National Sections of the L5I:

Pakistan: Defend the Hazara community against reactionary attacks

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On Saturday, 16 February, 113 members of the Shi'ite Hazara community in Quetta were killed in a brutal bomb attack. The arch reactionary Islamist grouping “Lashkar-e-Jhangvi” (LeJ) claimed responsibility for this latest attack as it had for the bombings of a snooker hall on 1 February. The same group has been linked to the bombing of a Shia mosque in northwest Pakistan that killed 24 people.

The Hazara minority has become a key target of extreme reactionary, even fascistic, Islamist groupings in recent years. On January 10, for example, 93 people were killed in a similar bomb attack. Over the last four years, more than 800 have been killed – most of them in Quetta and the Hazara areas in the province of Balochistan. The numbers would be even higher if they included other attacks on Shi'ites, like the recent murder of a Shi'ite surgeon and his 11 year old son in Lahore.

The Hazara mainly live in Afghanistan and bordering regions in Pakistan. In cities like Quetta, they constitute a large national and religious minority. They speak Farsi (Persian) and, unlike most Pakistani Muslims, they are Shi'ites, not Sunni. They have been scapegoated not only by the reactionary Islamist forces but also by elements within the political establishment and the state institutions, both in Balochistan and in Pakistan as a whole. As with other national and religious minorities, the ruling class has encouraged attacks on the Hazara as part of the “divide and rule” strategy by which it maintains its grip on the whole country.

Mass wave of protests and solidarity

This time, however, the attacks have been met with a wave of protests, rallies and demonstrations throughout Pakistan. In the Hazara regions, and in cities like Quetta and Karachi, protestors blocked railway tracks and roads for two days. In Lahore, they blocked the airport.

Protests and solidarity actions spread even beyond the areas with large Hazara communities and were supported by the left and working class organisations like the newly founded “Awami Workers' Party” as well as liberal and bourgeois-democratic forces and NGOs.

The sheer size of the bomb attack last weekend also raised rumours in the wider public about the involvement of the police and local authorities in Quetta – or at least the complicity of some parts of the state machine in the wave of reactionary attacks.

Clearly, the Hazara community has rightly lost all faith in the police, the city and regional authorities in Balochistan. Beyond that, however, the response of the community has been contradictory. For example, some demonstrators and leaders have demanded, “military action against the extremists”. In Quetta, Amin Shaheedi, the vice-president of the Shi'ite Wahdatul Muslemeen party, demanded that, “control of the city be handed over to the Army”.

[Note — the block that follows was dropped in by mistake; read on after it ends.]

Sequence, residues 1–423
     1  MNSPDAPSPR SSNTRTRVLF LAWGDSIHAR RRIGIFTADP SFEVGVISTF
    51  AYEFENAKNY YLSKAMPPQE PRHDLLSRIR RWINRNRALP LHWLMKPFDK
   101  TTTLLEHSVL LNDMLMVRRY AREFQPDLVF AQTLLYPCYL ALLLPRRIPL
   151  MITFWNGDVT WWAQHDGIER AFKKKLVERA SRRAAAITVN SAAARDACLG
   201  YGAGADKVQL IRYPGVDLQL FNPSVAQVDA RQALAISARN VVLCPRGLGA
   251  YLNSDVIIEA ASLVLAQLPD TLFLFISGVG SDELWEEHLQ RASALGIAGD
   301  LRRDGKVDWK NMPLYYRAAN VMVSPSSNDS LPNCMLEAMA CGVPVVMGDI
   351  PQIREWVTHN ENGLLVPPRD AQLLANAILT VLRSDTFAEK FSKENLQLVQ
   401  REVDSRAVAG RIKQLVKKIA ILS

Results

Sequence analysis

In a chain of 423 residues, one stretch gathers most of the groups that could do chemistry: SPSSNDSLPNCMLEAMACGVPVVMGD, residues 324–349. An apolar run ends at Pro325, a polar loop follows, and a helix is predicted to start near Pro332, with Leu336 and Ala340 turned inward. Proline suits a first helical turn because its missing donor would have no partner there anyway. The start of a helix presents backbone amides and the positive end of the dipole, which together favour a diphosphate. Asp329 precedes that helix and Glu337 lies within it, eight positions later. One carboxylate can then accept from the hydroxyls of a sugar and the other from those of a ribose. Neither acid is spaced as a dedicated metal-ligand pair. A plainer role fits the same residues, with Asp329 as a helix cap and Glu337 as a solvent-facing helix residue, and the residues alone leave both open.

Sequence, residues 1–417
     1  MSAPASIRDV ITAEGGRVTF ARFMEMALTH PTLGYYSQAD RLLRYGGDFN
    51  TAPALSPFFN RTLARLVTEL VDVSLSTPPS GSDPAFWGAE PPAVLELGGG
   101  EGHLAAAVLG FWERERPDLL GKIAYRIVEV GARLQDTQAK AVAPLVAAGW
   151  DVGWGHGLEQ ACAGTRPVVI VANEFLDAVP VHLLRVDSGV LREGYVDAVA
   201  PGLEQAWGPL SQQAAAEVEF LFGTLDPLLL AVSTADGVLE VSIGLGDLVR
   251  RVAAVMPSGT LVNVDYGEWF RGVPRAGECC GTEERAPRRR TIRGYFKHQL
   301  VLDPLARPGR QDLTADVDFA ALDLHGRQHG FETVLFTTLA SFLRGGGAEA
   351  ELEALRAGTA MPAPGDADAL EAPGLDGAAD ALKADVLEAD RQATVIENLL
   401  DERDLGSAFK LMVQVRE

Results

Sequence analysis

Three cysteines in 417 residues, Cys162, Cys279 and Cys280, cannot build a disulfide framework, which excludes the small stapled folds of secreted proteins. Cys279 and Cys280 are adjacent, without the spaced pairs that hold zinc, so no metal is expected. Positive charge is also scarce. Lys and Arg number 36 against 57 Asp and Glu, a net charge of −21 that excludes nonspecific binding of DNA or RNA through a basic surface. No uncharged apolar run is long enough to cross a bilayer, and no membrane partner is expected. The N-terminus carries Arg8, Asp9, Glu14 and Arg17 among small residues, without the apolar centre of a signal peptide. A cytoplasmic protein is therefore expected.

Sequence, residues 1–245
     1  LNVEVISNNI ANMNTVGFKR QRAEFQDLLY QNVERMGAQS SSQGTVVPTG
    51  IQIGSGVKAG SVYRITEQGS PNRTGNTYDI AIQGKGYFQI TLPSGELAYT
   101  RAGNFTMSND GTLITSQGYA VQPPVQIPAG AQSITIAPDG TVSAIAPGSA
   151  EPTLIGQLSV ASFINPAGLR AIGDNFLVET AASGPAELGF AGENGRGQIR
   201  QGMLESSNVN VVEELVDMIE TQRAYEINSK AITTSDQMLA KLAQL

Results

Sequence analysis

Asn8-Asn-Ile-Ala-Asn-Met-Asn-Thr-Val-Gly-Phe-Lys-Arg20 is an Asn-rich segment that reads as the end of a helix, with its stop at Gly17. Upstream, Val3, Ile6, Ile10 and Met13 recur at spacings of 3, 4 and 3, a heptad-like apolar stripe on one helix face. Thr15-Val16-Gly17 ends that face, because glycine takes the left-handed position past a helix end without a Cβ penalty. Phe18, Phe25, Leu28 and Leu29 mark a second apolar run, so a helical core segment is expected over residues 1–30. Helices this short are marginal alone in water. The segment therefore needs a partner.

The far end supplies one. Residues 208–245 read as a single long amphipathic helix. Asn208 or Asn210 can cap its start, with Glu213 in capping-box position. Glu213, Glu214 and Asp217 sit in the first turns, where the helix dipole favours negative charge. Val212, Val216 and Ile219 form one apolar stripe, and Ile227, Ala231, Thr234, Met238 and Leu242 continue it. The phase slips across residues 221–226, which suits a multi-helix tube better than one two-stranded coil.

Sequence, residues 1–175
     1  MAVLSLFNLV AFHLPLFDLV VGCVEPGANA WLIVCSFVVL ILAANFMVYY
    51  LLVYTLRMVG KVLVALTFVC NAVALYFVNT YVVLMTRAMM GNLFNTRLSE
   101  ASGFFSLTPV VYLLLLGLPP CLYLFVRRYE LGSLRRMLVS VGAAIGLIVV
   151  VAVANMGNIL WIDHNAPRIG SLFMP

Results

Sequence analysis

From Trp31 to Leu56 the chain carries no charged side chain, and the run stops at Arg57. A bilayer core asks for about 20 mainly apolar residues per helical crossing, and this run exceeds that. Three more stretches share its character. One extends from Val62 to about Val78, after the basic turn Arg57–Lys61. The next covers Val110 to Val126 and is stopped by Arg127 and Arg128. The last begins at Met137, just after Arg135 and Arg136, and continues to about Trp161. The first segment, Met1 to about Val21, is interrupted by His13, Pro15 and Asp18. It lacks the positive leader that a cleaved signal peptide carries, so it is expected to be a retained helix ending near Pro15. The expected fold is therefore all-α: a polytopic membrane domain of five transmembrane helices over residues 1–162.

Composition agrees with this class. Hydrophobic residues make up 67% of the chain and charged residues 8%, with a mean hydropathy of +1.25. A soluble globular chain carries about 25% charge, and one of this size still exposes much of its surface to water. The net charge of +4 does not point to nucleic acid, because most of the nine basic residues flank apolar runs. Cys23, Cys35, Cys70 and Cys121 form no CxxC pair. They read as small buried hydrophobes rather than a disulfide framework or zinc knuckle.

Support for military intervention should not be misunderstood as a blind faith in the Army. It is rather based on the misguided hope that the Army would at least be a “lesser evil” and is the only force that could realistically defeat the Islamists.

Nonetheless, to bring in the Army would be to replace one nightmare by another. In the Hazara areas it would offer no better guarantee of protection and on the national level it would play right into the hands of the Army leaders who have a long history of involvement with the reactionary Islamist forces. At the present time, as the tensions within Pakistani society are reaching breaking point, they are trying to present the Army as the “last guardian of order”.


However, within the Hazara and Shi'ite communities, actions have also been taken in recent days that do show a way forward and need to be generalised. These are not only the mass actions of protest, but also the setting up of self-defence groups in Hazara Town in Quetta. Organised volunteers, who are armed with rifles and pistols, now guard the streets and houses. This initiative, the first step towards large-scale armed self-defence of the whole community and backed by it, needs to be generalised throughout the country. As attacks and provocations against the solidarity demonstrations in other parts of Pakistan demonstrate, this is not “only” a question for Quetta, all actions everywhere need to have organised self-defence.

The second element of real protection is the backing and support for the Hazara community by the workers and peasants, by the youth, by the labour movement and by all democratic forces. The current momentum needs to be generalised so that the reactionary forces are challenged throughout the country.

Here, a big responsibility rests with the newly founded Awami Workers' Party (AWP). It has called and mobilised for rallies throughout the country and issued leaflets in solidarity with the Hazara community. However, it failed to raise the demand for organised self-defence, and especially working class defence organisations. We – the supporters of the League for the Fifth International in the AWP and of the paper “Revolutionary Socialist” will continue to argue for this policy. Our key slogans are:

No to sectarianism
Workers' self defence committees in Shia, Sunni, Hindu and Christian communities
Complete separation of religion and state
No to military intervention
Down with the “War on Terror”
Down with collaboration with the imperialist powers
Long live international solidarity